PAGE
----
Paula Cowling was in Florida on Friday — a trip to Disney World with family where it was 80 degrees.
By Saturday morning, she was stocking up on food as she prepared to be homebound.
“It’s a stark difference,” she said while shopping at Tops Friendly Market in Cortlandville. She got the usual milk, eggs and butter as well as salsa, chips and laundry detergent.
She decided to stay in, snuggle up with a book and do laundry.
On Sunday, she woke to more than a foot of snow outside her house on Ridgeview Avenue in Cortlandville and news that her daughter and her family couldn’t get a flight home to Albany from Florida.
“Every once in a while the wind will gust up and you can’t see anything out the window,” she said.
The storm dropped anywhere from 6 to 12 inches in the Southern Tier, said Michael Kopy, the director of emergency management for the state Emergency Management Office. It brought 14 inches to Cortland.
It also brought frigid weather. Temperatures outside felt like stepping into the family freezer and shutting the door. The National Weather Service in Binghamton forecast a high today of around 4 degrees. However, wind chills will make it feel like negative 28 degrees.
The temperatures tonight will drop to around negative 5 degrees with windchills as low as negative 20.
The Tuesday morning wait at the bus stop will be unpleasant, and although the weather will warm to nearly 21, the wind chill will close to negative 16 degrees.
A travel advisory in Cortland County, issued Saturday, remained in effect until 9 a.m. A similar advisory in Cayuga County lasted until noon Sunday.
Tompkins Cortland Community College even closed due to the storm on Sunday and today.
Tammy Nivers of North Tower Road said she got 18 inches by Sunday morning. Her husband, Phil, went out early to plow their driveway and met temperatures in the single digits, with a wind chill well below zero.
“If we have to do it again, we’ll have a plow guy come,” she said. “No matter how much you gear up, it’s just not enough.”
While it was cold and snowy, Nivers was excited her power didn’t go out after having stocked up on food at the grocery store Saturday and putting buckets of water in her tub to flush the toilet.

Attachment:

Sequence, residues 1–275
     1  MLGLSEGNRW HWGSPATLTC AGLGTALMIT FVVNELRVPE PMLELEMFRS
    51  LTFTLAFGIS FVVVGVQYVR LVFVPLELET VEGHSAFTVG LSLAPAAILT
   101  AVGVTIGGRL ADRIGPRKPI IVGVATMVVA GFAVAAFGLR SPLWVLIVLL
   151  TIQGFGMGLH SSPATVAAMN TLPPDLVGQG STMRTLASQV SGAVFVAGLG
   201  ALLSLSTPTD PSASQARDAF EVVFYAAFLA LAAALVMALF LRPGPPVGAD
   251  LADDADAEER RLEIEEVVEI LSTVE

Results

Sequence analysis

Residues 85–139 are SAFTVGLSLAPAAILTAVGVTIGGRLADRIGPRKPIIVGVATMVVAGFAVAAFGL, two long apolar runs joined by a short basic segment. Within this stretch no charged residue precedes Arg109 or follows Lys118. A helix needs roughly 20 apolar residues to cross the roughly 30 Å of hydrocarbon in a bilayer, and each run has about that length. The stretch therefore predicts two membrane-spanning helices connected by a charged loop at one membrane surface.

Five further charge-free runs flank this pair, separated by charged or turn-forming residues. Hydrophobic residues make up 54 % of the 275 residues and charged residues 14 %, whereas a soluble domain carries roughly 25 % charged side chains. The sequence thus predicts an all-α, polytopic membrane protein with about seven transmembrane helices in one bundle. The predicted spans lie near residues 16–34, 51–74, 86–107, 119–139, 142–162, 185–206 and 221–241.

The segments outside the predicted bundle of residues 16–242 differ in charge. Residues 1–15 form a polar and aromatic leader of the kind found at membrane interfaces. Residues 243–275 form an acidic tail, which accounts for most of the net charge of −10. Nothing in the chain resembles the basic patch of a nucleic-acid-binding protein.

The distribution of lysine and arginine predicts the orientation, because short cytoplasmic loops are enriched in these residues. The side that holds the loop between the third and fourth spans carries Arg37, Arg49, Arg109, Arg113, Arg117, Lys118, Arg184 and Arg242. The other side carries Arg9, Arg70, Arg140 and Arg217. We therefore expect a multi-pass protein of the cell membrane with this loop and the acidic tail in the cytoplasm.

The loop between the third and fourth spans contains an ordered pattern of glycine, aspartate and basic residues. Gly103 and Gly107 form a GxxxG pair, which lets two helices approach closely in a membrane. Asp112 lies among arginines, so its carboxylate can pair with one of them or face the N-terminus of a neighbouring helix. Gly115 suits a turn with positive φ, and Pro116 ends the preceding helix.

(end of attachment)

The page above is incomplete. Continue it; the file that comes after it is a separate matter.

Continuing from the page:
However, she wasn’t too happy the weather had led to the cancellation of the all-county chorus concert, which her children were supposed to be in.
“They had to cancel it last year, too,” she said.
Chris Ryan spent Sunday plowing out his driveway on Creech Road in Summerhill. When he finally made it to the end of his driveway he discovered the street looked like it had yet to be touched by a plow. He estimated they got about 14 inches.
Jim Underwood, who lives near Lime Hollow Nature Center in Cortlandville, didn’t think Saturday was too bad, but measured 2 feet of snow Sunday morning at his house.
“It wasn’t too bad Saturday driving, you just had to take your time,” Underwood said Sunday. “This morning was what we had expected.”
People stayed bundled up in their home while snow crews plowed the streets.
A state of emergency was in effect in the village of Homer from 3:30 p.m. Saturday until noon Sunday and then Mayor Darren “Hal” McCabe put a snow emergency in place until noon today. People were not allowed to park on the streets or in municipal lots.
Gov. Andrew Cuomo banned tractor-trailers and buses from major roadways from 3 p.m. Saturday to 6 p.m. Sunday.
Rich Aylesworth, Cortland County Highway assistant maintenance supervisor, said Sunday crews were still working on the roads.
“The roads are still covered, but we’re doing the best we can with what we were dealt,” Aylesworth said. “We got pretty much got what they expected.”
Staff reporter Jacob DeRochie contributed to this article.